Thursday, September 20, 2012

What Is Really Happening In The Middle East -- And Can Obama Handle It?

It's taken a week, but it looks like the media is finally coming around to the idea that the current wave of Muslim riots cannot all be blamed on Mitt Romney.

That being the case, as the smoke begins to clear and the facts are slowly being accumulated, what is actually going on?

Barry Rubin first addressed the issues in his post The Truth About the Wave of Anti-American Demonstrations:
This is not a theological dispute. This is not a therapy session. This is not a contest to say the right things so you get invited to a Washington dinner party. It is a political struggle for power in which the losers end up dead or fleeing into exile or having their diplomats shot dead.
Key to understanding the Muslim riots spreading through the Middle East is that the problem is not a video, but the ideology that is taking advantage of that video.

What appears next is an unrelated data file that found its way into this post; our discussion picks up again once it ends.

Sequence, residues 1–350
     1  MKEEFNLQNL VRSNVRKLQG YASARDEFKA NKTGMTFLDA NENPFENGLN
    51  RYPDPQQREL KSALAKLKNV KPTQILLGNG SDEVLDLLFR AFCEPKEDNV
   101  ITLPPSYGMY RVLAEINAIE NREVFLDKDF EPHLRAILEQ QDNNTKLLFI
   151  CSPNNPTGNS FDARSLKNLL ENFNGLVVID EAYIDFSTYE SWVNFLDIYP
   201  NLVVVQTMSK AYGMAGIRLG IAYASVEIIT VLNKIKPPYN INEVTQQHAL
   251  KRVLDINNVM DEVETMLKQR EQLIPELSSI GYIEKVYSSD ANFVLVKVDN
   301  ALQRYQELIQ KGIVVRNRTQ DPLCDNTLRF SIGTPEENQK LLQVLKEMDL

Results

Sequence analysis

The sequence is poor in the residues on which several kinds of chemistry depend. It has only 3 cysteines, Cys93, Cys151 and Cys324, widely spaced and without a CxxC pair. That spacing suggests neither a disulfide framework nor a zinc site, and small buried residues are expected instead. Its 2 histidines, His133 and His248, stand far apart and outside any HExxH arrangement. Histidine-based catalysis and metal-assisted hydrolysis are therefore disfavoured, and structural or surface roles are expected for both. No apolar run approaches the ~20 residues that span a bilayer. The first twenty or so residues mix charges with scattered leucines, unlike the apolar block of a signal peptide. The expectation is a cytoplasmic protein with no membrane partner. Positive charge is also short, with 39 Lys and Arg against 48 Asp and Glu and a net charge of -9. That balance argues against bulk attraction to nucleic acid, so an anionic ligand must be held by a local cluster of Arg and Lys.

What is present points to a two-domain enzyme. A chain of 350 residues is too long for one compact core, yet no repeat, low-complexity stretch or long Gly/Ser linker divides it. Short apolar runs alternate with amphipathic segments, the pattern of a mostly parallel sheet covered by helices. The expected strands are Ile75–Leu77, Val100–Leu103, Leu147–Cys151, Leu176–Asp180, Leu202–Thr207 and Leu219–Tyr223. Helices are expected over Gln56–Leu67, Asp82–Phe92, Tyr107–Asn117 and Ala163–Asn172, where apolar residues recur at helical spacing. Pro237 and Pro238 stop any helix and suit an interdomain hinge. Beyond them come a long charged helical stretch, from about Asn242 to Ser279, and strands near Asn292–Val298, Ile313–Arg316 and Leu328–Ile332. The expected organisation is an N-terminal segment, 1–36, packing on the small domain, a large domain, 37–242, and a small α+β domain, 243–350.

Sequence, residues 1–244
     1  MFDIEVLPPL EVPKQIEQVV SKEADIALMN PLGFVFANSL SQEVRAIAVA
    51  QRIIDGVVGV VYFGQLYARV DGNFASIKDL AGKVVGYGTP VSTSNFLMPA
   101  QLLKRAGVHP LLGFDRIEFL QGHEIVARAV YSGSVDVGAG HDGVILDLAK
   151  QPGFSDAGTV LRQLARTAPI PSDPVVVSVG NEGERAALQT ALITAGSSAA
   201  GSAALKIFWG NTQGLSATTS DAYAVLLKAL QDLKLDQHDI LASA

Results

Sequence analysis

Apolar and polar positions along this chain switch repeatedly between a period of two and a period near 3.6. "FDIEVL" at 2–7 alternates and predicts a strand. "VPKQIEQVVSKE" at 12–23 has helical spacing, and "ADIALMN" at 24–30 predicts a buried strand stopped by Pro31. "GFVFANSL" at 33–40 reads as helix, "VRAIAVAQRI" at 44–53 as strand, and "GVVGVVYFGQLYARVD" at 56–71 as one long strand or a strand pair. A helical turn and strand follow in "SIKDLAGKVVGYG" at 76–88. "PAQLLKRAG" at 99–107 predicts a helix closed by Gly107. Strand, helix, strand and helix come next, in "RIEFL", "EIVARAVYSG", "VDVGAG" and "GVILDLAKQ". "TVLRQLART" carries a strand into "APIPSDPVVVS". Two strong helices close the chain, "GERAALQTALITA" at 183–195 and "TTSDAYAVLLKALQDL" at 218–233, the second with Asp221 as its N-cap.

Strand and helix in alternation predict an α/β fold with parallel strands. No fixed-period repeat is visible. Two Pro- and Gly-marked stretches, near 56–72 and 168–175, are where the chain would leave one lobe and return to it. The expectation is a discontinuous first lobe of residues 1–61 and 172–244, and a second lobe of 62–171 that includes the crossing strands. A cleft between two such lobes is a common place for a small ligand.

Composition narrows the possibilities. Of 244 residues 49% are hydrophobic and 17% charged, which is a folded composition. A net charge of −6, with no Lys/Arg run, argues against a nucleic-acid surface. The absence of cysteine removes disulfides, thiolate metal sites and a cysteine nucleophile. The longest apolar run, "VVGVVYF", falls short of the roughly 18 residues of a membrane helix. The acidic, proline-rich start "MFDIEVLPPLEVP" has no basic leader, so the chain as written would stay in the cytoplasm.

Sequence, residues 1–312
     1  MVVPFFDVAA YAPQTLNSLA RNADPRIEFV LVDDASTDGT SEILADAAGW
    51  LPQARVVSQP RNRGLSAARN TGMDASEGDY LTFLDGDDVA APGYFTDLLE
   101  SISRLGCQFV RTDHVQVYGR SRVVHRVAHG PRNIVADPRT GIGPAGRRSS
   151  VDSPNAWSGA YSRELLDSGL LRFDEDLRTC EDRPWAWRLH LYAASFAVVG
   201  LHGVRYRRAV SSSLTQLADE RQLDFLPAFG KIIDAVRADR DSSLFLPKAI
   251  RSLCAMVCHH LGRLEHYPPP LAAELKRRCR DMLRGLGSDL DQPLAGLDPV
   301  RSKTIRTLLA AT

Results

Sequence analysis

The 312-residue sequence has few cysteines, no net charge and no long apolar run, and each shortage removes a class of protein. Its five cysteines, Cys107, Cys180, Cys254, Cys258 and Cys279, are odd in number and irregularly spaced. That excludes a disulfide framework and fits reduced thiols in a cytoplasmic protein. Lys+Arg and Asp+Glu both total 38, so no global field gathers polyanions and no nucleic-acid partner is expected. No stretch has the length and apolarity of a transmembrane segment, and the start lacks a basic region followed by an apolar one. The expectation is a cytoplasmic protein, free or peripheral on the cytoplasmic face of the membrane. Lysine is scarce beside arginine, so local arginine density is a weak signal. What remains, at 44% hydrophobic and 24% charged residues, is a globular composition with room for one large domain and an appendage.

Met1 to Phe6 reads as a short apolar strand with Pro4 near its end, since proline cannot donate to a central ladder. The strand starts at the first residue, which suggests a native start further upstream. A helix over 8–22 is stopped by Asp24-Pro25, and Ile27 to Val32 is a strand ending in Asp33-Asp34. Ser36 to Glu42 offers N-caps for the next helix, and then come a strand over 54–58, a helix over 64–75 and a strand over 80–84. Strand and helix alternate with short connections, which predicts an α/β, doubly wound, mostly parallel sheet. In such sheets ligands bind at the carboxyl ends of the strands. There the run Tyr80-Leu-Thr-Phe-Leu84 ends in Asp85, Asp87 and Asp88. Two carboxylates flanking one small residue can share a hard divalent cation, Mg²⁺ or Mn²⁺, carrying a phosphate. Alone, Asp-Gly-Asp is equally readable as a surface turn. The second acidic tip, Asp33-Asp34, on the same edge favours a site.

Rubin notes:
  • There have been several such waves before, in reaction to Salman Rushdie and the “Danish cartoons.” In the end the demonstrations eventually end but without bringing any real political change.

  • The demonstrations are not in reaction to Islamophobia. They are the result of revolutionary Islamist motivated by anti-Americanism, hatred of the West, as well as hatred of Jews and Christians.

  • Freedom of speech in the West inevitably provides pretexts for Muslim outrage, and radical Islamists will inevitably exploit these opportunities -- and when possible, the Islamists will add fuel to the fire, as when they added cartoons to those that appeared in the Danish magazine.

  • Therefore, the problem is not eliminating "Islamophobia." The problem is dealing with an ideology seeking to seize state power, an ideology that knows that encouraging hysterical hatred against the US, the West, Israel, Christians and Jews can be channeled to their benefit.
In a later column, Rubin focuses on Egypt's advance knowledge of the attack on the US embassy:
What happened in Egypt was very simple. The Egyptian government knew that a demonstration would be held by radical anti-American forces, including the local branch of al-Qaida, outside the U.S. embassy. Through the ideology, public statements, past experience, and probably intelligence penetration, it knew they intended to storm the embassy.